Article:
Six of Australia's 10 largest firms have joined forces to promote Sydney as a prime centre for international arbitration in the Asia-Pacific
Allens Arthur Robinson, Freehills, Mallesons Stephen Jaques, Minter Ellison, Blake Dawson Waldron and Clayton Utz are sponsoring an exhibition at the International Bar Association conference on 13 February 2003.
"We've got together to market the city as a place which is impartial and arbitration-friendly, but cheaper than a number of other cities, such as London and Singapore, that are well known for it," said Jonathan Atkin, managing partner of Blake Dawson.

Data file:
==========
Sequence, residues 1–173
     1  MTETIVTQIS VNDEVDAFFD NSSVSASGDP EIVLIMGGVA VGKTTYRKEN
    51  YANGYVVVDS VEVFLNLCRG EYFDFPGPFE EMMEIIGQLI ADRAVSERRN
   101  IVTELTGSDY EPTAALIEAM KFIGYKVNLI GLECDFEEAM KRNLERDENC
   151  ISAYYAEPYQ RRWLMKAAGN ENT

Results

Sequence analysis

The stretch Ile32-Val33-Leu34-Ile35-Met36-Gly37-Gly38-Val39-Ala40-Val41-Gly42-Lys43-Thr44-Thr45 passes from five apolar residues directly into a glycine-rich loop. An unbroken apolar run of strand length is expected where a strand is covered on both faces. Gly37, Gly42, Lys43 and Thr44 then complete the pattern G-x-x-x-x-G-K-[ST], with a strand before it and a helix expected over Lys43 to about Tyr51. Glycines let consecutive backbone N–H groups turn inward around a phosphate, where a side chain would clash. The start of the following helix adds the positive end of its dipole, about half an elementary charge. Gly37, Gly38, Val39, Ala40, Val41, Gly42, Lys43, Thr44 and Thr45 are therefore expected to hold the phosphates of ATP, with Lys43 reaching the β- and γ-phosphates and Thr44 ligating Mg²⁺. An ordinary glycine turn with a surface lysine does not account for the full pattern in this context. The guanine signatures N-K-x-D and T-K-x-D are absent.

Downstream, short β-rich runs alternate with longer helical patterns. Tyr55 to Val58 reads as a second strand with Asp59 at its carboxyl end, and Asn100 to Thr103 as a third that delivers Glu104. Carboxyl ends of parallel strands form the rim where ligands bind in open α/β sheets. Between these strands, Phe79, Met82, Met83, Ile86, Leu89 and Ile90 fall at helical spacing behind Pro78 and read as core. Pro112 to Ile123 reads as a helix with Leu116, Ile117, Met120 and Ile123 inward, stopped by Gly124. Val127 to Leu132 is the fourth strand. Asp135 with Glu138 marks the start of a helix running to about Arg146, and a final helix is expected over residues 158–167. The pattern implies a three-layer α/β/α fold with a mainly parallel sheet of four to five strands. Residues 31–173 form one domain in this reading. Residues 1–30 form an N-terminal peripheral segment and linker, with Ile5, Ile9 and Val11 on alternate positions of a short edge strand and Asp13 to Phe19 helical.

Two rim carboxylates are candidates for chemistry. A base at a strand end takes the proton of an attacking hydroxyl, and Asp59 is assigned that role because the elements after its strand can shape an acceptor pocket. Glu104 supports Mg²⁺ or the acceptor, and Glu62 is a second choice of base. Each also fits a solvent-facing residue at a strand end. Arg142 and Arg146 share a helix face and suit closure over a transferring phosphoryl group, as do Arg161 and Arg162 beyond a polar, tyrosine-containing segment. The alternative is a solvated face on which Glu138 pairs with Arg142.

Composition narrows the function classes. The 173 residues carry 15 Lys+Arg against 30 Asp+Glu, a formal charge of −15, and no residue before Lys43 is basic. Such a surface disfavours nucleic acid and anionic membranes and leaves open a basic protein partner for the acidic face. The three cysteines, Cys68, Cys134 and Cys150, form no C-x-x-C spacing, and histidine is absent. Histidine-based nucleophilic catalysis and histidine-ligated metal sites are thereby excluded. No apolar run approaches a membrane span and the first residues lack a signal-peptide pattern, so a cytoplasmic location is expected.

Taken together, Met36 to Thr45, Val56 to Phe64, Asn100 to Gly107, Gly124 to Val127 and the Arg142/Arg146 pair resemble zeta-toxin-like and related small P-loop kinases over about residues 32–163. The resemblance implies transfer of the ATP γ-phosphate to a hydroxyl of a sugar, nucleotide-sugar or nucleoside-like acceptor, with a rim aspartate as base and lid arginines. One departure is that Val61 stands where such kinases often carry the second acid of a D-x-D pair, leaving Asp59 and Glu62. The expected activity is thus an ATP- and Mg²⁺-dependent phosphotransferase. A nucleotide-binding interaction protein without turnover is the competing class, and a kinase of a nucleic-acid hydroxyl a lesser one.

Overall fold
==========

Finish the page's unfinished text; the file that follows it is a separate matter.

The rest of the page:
The firms are seeking to attract foreign parties to the centre, as well as acting for Australian companies of government bodies in disputes with other nationals. They are also lobbying local government to help fund the project, as well as to change income tax laws to put the centre on a level playing field with other arbitration centres. Singapore, for example, has exempted foreign arbitrators from withholding tax.
However, a lack of international prominence disadvantages Australian firms. "Most of the players in the Asian, US or UK markets are recognised by international in-house counsel, but they've never heard of Australian firms," said a partner at a firm not involved in the pitch. The geographical problem is another potential hindrance to the firms.